And mine has landed on the ‘imperfect but with many good bits’ motor industry that I believe can be helped towards a brighter future with a thorough makeover… for those that deserve to succeed that is.
For example, let’s say a management consultant is called in to review a struggling business’s performance and recommends that the culture of that organisation needs to be changed. You’d start at the top wouldn’t you? You’d decide where you want to be, look at the way forward, some heads would roll and chances are the consultant would be employed to facilitate the journey. Sounds familiar anyone?
Now let’s see how a struggling industry like the UK motor industry would attempt to do this. Needless to say I am not being paid to do that consultancy job and it wouldn’t be a quick job if I was, but I am happy to start off the ‘Where We Are At’ bit at least and would welcome contributions from those better qualified in the industry…
1 In 2010 the industry is in the doldrums with some notable pockets of exceptions, such as car parts for DIYers…
2 Fewer new cars are being sold; private motorists make do and even the rich realise that it isn’t good for their image to be seen driving flashy cars when others are really struggling.
3 Manufacturers have to plan ahead so they can’t be as flexible as they’d like – their stocks and lines for 2011 were decided ages ago. So they compete for perceived unique selling points or price advantage – some bravely attempting to repositioning their brands up or down market. The electric bandwagon rolls forward quietly 😉 with the all-knowing Chinese on the brink of entering the volume market but for a few known quality issues to resolve…
4 Fleets are now contracting cars for 4 years not 3 wanting low running costs throughout.
5 Those that want a nearly new car are finding them few and far between as a consequence of recent new car supplies.
6 Because they don’t have to, cash strapped motorists are postponing garage servicing so their cars aren’t as safe as they should be and garages without a location or brand advantage are struggling to be seen as good or different.
7 Even worse, cars aren’t being maintained well, especially the new ones otherwise why would so many fail their first MOT?
8 Just as worrying, motorists who don’t know any better choose
- the cheapest used car not realising the salesman knows why it’s cheap
- DIY repairs to save money but might not buy the best parts
- garages that follow a basic motor industry code and/or are good garage scheme members not realising that neither scheme requires them to employ qualified/trained or accredited mechanics
- MOT and car servicing deals from businesses they don’t know, running the gauntlet of rip off dealers, shoddy workmanship and unscrupulous dealers.
9 Complaints are seen as the norm and caveat emptor still applies in many areas. In 2010 a Which? undercover mystery garage shopping reports that nearly 90% of sampled garages (including dealerships) missed or ignored at least one potentially dangerous fault on the cars that had been doctored in advance. Much the same as in 2007’s survey by the way. And the relentless pace of used cars and garage complaints keeps the Office of Fair Trade’s (OFT) Consumer Direct staff employed having seemingly backed away from the recent Super Complaint opportunity that might have led to regulation and quality control.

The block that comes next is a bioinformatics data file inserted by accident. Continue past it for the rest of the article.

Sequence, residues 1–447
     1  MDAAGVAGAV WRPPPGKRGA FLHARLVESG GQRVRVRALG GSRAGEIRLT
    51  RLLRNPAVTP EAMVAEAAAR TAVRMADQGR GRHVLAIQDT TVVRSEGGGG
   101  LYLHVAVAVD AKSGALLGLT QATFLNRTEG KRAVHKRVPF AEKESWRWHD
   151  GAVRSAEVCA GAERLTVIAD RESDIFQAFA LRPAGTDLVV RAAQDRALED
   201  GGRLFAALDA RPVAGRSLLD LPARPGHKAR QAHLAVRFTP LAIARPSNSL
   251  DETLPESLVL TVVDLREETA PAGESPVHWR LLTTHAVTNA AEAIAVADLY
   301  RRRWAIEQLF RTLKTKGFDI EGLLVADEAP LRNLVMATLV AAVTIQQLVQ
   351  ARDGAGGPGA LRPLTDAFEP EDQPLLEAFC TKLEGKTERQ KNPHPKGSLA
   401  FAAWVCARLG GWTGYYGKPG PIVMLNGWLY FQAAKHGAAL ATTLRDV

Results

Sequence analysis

10 Shoppers are using the internet to save time and money but also to avoid stressful garage and dealership visits – including many women who account for some 50% of customers and seem to be the least happy with the male dominated ‘too blokey’ culture that doesn’t seem to understand their different shopping needs and demands…
Got the picture? So where does the motor industry want to be in future – from 2011 onwards?
Here’s my contribution but as I am not being paid for this ;-), I’ll be brief.
The UK motor industry needs a better image, more ambitious quality standards, a more ethical regard for the safety of motorists and more female recruits because women matter and need a voice.
This all demonstrates the need for joined up motor industry thinking in all these areas with higher level, better, specialist and totally independent public communications for all motorists. This needs to include unbiased, whole picture and down to earth information and advice about cars, garage services, insurance and finance products so better shopping choices can be made.
A good example of unhelpful in-fighting in the industry is the looming ‘Trust My Garage’ launch in 2011. Looking at this from the motorists perspective (which a trade body is not best placed to do), like it or not, we already have the still fairly new Motor Industry Service and Repair Code and the imaginatively titled Good Garage Scheme so what good will a third one be, run by another trade body and reserved for their members, when none of the three equate to or promote qualified or accredited staff.
Which is what FOXY Choice does, by the way, and why an independent organisation like FOXY will always be a more trustworthy arbiter than one funded by interested parties.
What the UK motor industry needs to do instead is
- explain this and a lot more to the motorist who deserves this knowledge
- identify the genuinely better than the rest schemes and
- empower her/him to make the right buying decisions based on quality, value for money and informed feedback. Yes feedback is important in many instances but when I am told a garage is friendly based on their sunny receptionist, how do I know that their mechanic isn’t selling me new tyres/brakes/engine flush washes I don’t need for pecuniary advantage? Or not even doing the job I’ve paid for?
Happy New Year to all the good businesses we work with and may 2011 be the year for positive thinking and debate; so you get your just rewards without being confused with second-rate others.